Until recently, conglomerates and tangled, opaque corporate webs were not words commonly used to describe charities. The WE Charity scandal has raised new questions about complex corporate structures and opacity in the charitable sector.
The Multicultural and Newcomer Charitable Giving Study -- one of the first in Canada to explore the influence of ethnicity on supporting charities -- offers a glimpse into the enormous giving potential that resides with newcomers to Canada and second-generation Canadians.
The funding landscape for the sector is becoming more precarious while demand for the services of these organizations grow. In the context of an increasingly precarious funding environment, social finance emerges as a source of capital that could allow charities to diversify their revenue and become more resilient.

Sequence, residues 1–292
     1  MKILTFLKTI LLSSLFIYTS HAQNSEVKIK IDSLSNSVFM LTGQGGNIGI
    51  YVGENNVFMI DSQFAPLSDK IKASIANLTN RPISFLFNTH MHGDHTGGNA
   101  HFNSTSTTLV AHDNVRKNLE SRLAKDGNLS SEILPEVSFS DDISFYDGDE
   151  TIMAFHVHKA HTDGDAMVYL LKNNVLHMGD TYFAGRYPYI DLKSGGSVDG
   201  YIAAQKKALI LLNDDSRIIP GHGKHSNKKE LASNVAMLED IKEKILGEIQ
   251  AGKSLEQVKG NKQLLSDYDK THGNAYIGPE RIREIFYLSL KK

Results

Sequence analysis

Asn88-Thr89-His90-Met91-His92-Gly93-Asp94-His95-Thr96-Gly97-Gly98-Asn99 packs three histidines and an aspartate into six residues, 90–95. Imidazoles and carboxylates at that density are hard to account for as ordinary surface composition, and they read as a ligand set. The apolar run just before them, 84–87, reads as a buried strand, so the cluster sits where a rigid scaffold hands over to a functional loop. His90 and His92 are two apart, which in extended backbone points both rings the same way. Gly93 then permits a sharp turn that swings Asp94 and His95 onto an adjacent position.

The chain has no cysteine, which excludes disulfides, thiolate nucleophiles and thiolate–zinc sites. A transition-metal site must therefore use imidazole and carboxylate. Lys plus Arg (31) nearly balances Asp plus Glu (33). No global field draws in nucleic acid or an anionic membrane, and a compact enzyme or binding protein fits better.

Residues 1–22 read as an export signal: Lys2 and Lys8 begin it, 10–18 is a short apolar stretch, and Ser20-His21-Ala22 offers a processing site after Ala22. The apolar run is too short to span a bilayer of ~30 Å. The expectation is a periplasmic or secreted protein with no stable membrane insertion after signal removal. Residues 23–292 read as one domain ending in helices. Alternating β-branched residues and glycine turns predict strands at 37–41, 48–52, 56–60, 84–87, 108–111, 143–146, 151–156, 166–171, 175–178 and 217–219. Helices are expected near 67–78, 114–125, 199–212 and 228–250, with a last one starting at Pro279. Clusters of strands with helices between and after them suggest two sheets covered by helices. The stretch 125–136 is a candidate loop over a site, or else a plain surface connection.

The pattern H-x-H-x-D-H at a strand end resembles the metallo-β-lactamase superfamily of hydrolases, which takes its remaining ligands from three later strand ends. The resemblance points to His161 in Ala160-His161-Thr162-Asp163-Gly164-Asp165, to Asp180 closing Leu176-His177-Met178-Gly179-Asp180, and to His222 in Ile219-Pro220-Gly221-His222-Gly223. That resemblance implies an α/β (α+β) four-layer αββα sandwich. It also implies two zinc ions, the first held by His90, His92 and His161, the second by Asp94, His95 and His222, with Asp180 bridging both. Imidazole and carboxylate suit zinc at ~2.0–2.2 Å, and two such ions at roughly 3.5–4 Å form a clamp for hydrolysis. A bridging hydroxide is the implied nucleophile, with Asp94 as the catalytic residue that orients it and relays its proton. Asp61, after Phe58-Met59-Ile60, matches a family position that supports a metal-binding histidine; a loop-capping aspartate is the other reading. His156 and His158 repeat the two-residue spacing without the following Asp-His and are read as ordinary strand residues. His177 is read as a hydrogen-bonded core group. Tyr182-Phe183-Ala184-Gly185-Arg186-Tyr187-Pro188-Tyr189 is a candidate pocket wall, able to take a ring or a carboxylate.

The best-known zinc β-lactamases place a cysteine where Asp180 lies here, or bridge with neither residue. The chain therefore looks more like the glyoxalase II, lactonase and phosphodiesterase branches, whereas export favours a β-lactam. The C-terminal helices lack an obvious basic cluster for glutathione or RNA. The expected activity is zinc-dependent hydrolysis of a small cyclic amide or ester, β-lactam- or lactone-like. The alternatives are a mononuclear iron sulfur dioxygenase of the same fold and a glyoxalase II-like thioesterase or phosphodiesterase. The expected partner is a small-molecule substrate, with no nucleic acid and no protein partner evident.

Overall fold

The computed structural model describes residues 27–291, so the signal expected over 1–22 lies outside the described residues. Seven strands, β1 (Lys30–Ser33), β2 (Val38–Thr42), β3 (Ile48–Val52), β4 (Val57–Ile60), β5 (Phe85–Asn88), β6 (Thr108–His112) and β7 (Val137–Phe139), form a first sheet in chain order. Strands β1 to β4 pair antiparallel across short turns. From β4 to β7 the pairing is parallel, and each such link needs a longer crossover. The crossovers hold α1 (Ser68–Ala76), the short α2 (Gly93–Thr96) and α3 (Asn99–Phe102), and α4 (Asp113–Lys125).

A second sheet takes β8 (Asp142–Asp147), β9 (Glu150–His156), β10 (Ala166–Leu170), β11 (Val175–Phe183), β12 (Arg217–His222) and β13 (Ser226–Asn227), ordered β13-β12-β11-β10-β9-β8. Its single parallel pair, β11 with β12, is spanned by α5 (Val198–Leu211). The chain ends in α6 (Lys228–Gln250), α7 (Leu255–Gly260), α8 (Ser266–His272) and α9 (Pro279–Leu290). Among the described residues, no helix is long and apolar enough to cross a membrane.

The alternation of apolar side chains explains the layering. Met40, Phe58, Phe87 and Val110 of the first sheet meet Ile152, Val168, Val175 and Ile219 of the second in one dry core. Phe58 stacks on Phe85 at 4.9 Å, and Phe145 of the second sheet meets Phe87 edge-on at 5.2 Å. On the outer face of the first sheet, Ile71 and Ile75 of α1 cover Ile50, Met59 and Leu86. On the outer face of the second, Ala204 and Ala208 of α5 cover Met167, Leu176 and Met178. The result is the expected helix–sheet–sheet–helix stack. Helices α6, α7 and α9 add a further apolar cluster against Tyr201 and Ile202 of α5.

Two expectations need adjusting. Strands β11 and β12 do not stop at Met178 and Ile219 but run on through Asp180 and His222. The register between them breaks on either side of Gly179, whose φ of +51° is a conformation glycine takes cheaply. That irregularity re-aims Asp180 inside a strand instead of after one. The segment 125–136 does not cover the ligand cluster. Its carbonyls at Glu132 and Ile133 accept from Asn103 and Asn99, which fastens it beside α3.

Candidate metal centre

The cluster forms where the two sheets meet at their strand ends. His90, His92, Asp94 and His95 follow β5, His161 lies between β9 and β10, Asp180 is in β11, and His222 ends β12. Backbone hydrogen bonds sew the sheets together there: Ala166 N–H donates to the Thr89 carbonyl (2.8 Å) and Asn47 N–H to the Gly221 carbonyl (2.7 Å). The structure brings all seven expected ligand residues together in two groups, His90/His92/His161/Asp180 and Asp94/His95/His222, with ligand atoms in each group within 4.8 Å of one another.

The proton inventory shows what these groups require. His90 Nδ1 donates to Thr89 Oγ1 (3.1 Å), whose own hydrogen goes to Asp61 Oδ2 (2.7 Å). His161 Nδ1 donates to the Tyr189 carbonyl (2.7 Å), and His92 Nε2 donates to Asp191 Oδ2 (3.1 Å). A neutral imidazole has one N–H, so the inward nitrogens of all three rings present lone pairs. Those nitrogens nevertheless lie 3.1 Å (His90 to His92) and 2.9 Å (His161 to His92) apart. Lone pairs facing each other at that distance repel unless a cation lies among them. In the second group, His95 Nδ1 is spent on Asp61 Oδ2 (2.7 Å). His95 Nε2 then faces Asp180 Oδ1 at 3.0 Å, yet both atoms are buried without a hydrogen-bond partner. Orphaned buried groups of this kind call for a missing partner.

Experienced nonprofit professionals are likely very familiar with various grant systems and programs. However, for those entering the sector, or even trying out a new role, it can feel very overwhelming and confusing. So let’s break it down: What exactly are grants and how do we find them?
In fundraising, there are generally two camps: 1) Organizations that have hired fundraisers, and 2) Organizations that do fundraising off the side of their desks. Camp 2 is generally executive directors, admin staff, or programming staff who squeeze in time for fundraising while focusing on program delivery, management, and advocacy, among other duties.
Ethics is the cornerstone of fundraising. Without it, the public simply wouldn’t give to charities, and the sector’s programs and services could never be provided. Ethics is the way charities demonstrate their commitment to accountability and transparency, and show the public they are worthy of its trust and confidence.
October 26, 2020
Michael Nilsen (Guest Author)
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